Figure 1: Steps of endocytosis. Cargo sorting (1), lipid-membrane bending and bud formation (2), scission of transport-vesicles (3), release of transport-vesicles (4) and finally fusion of vesicles with the acceptor organelle.

Endocytosis is an essential process requiring orchestrated plasma membrane deformation for the uptake of nutrients from the surrounding cellular environment and turnover of plasma membrane components (Figure 1). Clathrin is the first coat protein involved in plasma membrane deformation identified over 50 years ago. However, the more recent discovery of clathrin-independent endocytic mechanisms led to the most challenging questions in the field: How are cargoes sorted in the absence of a clathrin coat and clathrin adaptor complexes? What are the proteins or complexes that link membrane curvature to cargo sorting?

BAR domain


Figure 2: Example of BAR domain protein. Adapted from McMahon & Gallop. 2005. Nature. 438 (7068), 590-596.

A part of the answer to these questions could be found in a fascinating superfamily of proteins (> 60 candidates in human genome) that are able to sense or induce membrane bending, and that could substitute clathrin and clathrin adaptors to complete endocytosis: BAR (Bin/Amphiphysin/Rvs) domain-containing proteins. Dimers of BAR domains are crescent-shape structures approximately 20 nm long and contain positively charged residues allowing interactions with the negatively charged head groups of phospholipids (Figure 2). They assemble to form highly organized oligomeric structures that are able to scaffold around tubular membranes. In addition to the BAR domain, these proteins often possess additional domains that allow binding to dynamin or to actin cytoskeleton regulators (SH3 domains), interaction with specific subsets of phosphoinositides (PX or PH domains), or the regulation of small GTPase or other signaling pathways (RhoGAP, RhoGEF, tyrosine kinase domains, etc.). This makes the superfamily of BAR domain proteins a pool of ideal candidates to connect membrane shape to actin cytoskeleton changes, small GTPase activity and regulation of other signaling pathways, or gene expression modulation. Some BAR domain proteins have already been involved in clathrin-dependent and independent processes, but there still remain a lot of questions.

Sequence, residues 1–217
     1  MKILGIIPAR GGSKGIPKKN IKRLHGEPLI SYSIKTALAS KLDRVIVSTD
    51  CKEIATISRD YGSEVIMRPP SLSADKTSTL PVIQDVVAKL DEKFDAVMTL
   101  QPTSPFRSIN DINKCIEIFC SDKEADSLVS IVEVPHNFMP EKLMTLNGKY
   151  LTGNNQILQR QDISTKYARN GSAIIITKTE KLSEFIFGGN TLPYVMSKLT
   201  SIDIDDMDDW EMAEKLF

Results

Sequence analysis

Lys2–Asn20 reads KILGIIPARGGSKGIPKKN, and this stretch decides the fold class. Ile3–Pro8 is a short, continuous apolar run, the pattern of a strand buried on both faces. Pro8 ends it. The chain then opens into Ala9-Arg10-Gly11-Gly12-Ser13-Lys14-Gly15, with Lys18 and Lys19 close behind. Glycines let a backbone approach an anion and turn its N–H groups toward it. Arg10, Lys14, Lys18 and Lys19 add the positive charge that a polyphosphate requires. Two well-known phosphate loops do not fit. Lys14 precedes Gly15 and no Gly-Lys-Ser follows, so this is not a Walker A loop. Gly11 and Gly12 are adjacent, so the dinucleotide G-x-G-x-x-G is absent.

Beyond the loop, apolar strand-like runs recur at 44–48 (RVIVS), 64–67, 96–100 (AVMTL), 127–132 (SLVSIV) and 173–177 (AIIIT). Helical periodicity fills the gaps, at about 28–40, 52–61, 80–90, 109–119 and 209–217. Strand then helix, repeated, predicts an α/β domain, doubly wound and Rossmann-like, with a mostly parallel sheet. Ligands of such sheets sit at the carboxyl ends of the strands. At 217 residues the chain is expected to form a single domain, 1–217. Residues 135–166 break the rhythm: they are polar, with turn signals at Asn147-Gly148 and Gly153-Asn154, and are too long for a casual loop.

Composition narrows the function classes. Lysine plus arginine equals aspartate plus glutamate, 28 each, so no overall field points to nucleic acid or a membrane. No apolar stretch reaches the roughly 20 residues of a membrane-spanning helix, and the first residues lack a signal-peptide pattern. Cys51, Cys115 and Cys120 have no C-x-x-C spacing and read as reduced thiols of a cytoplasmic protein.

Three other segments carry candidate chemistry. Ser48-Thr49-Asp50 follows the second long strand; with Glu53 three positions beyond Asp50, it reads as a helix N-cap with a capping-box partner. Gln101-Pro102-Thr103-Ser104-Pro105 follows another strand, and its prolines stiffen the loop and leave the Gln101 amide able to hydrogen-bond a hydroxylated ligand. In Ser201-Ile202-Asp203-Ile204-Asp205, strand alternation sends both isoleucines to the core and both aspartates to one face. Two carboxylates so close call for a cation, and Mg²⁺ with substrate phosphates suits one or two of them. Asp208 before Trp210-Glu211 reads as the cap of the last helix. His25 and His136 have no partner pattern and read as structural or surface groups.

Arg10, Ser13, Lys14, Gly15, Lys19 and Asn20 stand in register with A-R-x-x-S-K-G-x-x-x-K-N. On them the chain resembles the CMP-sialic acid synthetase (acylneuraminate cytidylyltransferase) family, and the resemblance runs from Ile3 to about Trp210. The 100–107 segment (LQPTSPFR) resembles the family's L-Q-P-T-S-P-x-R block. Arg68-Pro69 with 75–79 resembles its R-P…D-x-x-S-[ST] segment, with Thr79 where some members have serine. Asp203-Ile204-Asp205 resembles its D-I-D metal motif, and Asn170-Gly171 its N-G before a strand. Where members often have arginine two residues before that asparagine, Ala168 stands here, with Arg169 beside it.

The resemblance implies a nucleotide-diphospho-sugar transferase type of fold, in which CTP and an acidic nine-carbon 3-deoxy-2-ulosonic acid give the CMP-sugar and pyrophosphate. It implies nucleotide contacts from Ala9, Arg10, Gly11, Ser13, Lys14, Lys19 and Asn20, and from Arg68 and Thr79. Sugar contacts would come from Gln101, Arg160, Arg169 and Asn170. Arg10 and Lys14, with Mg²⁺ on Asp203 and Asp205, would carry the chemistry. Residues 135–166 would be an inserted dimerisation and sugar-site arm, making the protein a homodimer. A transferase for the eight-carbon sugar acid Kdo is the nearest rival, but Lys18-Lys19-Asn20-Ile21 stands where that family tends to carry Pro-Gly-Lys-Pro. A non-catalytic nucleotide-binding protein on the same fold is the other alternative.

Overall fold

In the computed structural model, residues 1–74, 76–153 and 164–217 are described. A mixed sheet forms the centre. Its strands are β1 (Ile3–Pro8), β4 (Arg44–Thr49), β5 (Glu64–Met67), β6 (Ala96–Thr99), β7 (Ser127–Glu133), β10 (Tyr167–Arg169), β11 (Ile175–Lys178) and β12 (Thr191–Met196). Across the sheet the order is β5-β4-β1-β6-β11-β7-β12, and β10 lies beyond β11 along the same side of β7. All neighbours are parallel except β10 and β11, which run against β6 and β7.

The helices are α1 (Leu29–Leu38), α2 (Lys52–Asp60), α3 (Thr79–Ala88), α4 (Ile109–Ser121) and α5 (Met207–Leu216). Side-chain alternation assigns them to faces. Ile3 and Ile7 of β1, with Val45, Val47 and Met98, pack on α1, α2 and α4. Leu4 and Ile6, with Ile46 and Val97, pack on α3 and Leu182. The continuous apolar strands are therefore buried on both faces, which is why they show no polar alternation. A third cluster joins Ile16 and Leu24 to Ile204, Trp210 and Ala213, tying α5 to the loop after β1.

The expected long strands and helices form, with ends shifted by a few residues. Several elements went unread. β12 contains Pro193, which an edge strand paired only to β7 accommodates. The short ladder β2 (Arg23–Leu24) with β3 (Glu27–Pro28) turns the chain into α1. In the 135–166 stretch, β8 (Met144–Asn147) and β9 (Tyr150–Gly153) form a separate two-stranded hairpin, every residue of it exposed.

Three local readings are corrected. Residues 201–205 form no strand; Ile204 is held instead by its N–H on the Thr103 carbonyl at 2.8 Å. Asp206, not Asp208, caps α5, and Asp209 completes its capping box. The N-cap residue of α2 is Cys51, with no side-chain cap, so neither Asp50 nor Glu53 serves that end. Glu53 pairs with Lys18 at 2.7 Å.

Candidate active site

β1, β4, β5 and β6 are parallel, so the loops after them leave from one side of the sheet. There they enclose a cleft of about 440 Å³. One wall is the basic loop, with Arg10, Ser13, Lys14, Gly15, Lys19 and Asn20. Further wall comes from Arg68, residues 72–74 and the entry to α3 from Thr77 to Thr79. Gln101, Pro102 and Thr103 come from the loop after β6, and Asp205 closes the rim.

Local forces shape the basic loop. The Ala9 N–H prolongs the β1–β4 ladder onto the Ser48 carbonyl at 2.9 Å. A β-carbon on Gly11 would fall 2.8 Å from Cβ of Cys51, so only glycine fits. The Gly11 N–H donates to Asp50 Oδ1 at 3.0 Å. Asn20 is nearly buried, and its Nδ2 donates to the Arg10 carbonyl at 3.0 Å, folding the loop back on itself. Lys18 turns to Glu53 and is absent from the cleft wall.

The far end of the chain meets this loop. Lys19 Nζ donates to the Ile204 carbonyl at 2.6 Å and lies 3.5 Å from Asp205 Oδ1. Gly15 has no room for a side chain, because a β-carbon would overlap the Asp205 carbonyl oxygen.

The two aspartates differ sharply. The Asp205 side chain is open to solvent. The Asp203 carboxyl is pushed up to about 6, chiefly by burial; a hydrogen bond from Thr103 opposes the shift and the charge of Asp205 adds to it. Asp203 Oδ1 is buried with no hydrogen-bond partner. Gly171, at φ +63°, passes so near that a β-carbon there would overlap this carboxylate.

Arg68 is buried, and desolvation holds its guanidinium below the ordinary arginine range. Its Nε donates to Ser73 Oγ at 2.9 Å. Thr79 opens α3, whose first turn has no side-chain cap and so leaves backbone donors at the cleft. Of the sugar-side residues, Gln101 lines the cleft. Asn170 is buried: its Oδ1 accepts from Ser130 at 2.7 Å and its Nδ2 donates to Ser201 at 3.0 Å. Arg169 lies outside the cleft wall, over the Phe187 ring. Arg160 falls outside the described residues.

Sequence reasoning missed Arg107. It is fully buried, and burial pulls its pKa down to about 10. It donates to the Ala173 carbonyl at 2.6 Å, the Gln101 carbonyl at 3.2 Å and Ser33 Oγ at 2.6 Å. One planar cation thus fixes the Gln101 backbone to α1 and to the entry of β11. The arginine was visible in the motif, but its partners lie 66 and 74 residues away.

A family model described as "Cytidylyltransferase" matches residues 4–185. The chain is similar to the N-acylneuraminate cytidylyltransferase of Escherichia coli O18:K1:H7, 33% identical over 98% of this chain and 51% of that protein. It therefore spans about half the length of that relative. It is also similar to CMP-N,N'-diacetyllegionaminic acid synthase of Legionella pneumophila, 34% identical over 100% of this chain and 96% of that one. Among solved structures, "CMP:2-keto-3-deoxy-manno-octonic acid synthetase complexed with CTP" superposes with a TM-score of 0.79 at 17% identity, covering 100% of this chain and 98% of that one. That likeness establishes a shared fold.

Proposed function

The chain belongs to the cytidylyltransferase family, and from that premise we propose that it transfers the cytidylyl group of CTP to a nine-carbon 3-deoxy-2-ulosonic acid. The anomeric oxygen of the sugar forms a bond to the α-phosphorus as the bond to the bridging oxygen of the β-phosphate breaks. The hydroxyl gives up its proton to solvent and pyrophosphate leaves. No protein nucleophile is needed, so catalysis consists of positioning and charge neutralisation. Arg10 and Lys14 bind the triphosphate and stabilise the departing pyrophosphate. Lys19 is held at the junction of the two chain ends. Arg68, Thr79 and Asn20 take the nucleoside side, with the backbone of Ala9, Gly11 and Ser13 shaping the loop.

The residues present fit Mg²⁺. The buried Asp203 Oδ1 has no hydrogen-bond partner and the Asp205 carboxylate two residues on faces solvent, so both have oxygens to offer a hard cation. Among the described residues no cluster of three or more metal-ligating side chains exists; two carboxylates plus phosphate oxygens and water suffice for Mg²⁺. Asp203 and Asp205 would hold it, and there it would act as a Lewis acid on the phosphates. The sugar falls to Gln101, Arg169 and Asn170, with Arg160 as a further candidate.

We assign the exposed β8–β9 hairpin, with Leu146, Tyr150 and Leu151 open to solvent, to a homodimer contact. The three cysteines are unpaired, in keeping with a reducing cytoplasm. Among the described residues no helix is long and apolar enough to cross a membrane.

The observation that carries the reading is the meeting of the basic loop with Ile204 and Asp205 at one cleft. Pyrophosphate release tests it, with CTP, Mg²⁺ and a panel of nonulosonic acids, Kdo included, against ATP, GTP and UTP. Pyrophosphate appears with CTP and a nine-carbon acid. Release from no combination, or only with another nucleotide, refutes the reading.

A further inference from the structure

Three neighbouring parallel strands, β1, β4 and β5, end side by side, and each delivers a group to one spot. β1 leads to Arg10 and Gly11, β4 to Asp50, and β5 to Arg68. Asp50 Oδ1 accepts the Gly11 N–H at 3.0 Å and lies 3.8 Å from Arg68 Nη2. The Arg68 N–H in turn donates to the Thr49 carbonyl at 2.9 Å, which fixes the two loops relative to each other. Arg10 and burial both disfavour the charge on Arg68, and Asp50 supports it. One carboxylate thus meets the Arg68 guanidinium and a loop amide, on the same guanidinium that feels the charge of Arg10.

My working hypothesis is that these cytosolic membrane curvature sensors/inducers BAR (Bin/Amphiphysin/Rvs) domain-containing proteins:

1°) play a functional role in endocytosis by connecting sensing/generation of membrane curvature to cargo sorting, particularly in clathrin-independent routes where there is no clathrin nor clathrin adaptors to fulfill these functions;

2°) play a pivotal mechanotransductional role as ‘signaling hubs’ connecting plasma membrane geometry and cargo selection to actin cytoskeleton remodeling, signaling pathways regulation, and gene expression modulation.

To unravel these functions of BAR domain proteins, my project aims to combine:

- advanced cell biology tools (Figure 3);

- various cutting-edge microscopy techniques (available in our institute/university or via collaborations such as with the group of Dr Ludger Johannes, Institut Curie, Paris, France);

- proteomics (available in our institute/university or via collaborations with the group of Prof. Ruddy Wattiez, UMons, Belgium);